Posts tagged nyt
Harnessing the Power of the Mom Blogger
Yeah, I know.
THE latest advice on child-rearing, baby products and prenatal yoga stretches is not being found in conversations over the picket fence but rather in Twitter messages, blog rolls and on Facebook walls. To that end, marketers have been increasingly harnessing the power of mothers online to reach their intended audiences for products.
Whether it’s building brand awareness or promoting television shows, advertising industry experts say that they are finding that the mother blogger niche is active, loyal and deeply involved with spreading its messages. And, the wealth of demographic information available about online users allows for better directed campaigns, marketers say.
There is much to learn from this man. What you eat is as important as how much you eat — and can help ward off disease and illness.
One morning in early January, David Murdock awoke to an unsettling sensation. At first he didn’t recognize it and then he couldn’t believe it, because for years — decades, really — he maintained what was, in his immodest estimation, perfect health. But now there was this undeniable imperfection, a scratchiness and swollenness familiar only from the distant past. Incredibly, infuriatingly, he had a sore throat.
“I never have anything go wrong,” he said later. “Never have a backache. Never have a headache. Never have anything else.” This would make him a lucky man no matter his age. Because he is 87, it makes him an unusually robust specimen, which is what he must be if he is to defy the odds (and maybe even the gods) and live as long as he intends to. He wants to reach 125, and sees no reason he can’t, provided that he continues eating the way he has for the last quarter century: with a methodical, messianic correctness that he believes can, and will, ward off major disease and minor ailment alike.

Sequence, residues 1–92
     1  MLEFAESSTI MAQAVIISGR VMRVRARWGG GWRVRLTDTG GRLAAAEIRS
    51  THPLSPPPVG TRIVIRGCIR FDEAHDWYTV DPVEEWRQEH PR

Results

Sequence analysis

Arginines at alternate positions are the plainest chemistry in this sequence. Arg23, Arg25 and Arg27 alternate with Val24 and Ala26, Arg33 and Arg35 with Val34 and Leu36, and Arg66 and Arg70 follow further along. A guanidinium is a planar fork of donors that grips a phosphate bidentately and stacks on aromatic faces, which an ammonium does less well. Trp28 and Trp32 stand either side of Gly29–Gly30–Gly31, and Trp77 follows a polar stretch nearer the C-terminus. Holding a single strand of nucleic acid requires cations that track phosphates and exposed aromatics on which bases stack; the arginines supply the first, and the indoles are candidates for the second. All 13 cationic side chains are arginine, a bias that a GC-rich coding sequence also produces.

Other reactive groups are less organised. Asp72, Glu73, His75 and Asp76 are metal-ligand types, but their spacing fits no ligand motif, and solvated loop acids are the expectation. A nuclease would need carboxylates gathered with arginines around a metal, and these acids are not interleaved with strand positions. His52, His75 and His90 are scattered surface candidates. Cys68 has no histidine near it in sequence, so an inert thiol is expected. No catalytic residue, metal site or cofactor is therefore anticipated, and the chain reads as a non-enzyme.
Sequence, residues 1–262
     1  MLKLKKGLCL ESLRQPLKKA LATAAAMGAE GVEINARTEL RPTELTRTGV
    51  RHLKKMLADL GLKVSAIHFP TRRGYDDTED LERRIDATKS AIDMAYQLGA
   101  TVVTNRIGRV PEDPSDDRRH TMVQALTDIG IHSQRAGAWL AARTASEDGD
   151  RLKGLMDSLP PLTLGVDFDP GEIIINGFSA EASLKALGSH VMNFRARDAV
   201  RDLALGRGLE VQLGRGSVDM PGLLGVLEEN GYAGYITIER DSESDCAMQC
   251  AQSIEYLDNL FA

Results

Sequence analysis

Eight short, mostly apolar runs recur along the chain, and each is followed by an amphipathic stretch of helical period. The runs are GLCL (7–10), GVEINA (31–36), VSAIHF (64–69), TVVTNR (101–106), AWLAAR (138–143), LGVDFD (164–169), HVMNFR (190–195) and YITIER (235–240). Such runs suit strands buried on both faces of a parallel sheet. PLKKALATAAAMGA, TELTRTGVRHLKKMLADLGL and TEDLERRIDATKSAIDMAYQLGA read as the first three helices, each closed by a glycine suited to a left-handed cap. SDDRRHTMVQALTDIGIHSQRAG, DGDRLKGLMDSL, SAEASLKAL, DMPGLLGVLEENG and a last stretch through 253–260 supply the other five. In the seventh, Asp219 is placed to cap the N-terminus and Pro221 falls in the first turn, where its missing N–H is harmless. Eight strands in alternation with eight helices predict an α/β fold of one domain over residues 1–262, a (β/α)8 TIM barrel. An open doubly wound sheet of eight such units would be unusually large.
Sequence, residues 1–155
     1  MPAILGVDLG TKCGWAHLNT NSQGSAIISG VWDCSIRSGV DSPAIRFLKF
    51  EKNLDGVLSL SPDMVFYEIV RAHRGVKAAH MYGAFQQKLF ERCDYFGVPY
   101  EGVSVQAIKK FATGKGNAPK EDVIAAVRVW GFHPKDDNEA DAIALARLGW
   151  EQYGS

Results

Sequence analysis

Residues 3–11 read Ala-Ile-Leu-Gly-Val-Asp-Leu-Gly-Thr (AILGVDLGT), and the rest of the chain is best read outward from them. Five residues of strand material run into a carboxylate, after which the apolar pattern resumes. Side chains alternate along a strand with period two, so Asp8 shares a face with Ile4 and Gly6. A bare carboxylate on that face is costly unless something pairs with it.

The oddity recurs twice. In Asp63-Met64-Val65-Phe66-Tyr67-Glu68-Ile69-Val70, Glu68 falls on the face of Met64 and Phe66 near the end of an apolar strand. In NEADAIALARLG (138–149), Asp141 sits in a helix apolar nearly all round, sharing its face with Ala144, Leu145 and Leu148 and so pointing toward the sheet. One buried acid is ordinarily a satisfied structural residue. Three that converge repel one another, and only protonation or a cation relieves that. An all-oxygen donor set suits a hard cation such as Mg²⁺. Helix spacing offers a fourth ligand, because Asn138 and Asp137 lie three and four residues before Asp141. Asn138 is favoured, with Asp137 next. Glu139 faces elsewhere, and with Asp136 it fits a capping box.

This is going to be interesting to follow. Many people are simply not motivated enough by money to get moving. $25 bucks is pretty steep but probably the right price that would at least have some of those with good intentions to stop and consider what skipping would mean to their wallets — Personally, money isn’t my motivator for me being fit. I’m going to stay tuned to see if this works.
A lot of people who join gyms or health clubs find it very easy to stop going. Gym-Pact, a new program in Boston, aims to change that. “Gym-Pact offers what [co-founder Yifan] Zhang calls motivational fees: customers agree to pay more if they miss their scheduled workouts, literally buying into a financial penalty if they don’t stick to their fitness plans,” explains Susan Johnston of The Boston Globe. “The concept arose from Zhang’s behavioral economics class at Harvard, where professor Sendhil Mullainathan taught that people are more motivated by immediate consequences than by future possibilities.”
Gym-Pact launched a small pilot program last fall at Bally Total Fitness in Boston, and expanded its program at two Planet Fitness gyms in Boston in 2011. Currently, participants are fined $25 if they fail to follow the schedule in any given week, but Gym-Pact’s founders are still refining their model. ”Zhang and [Geoff] Oberhofer plan to tweak the fee structure to allow it to be customized to a customer’s goals. Future iterations may include a combination of discounted gym memberships and smaller penalties that apply daily rather than weekly.” (HT: Marginal Revolution)
I’m including this article today because I think it speaks volumes of the hard costs of being overweight for women. Some of it has to do with women earning more in general and includes a look at direct and indirect costs. I also think that crap food is cheaper – relating back to economic status – you don’t have a lot of money, you buy cheap food, which is crap food, which then leads to being overweight.
Disparities: Obesity Costs Women More, Study Finds
While a man racks up $2,646 annually in extra expenses if he is obese, a woman’s obesity costs her $4,879, almost twice as much.
The report is one of the first to calculate the economic toll of obesity on the individual, including both direct costs, like medical expenses, and indirect expenses, like lost wages and reduced work productivity. (The study did not account for many other personal consumer costs, like clothing, because data are not available.)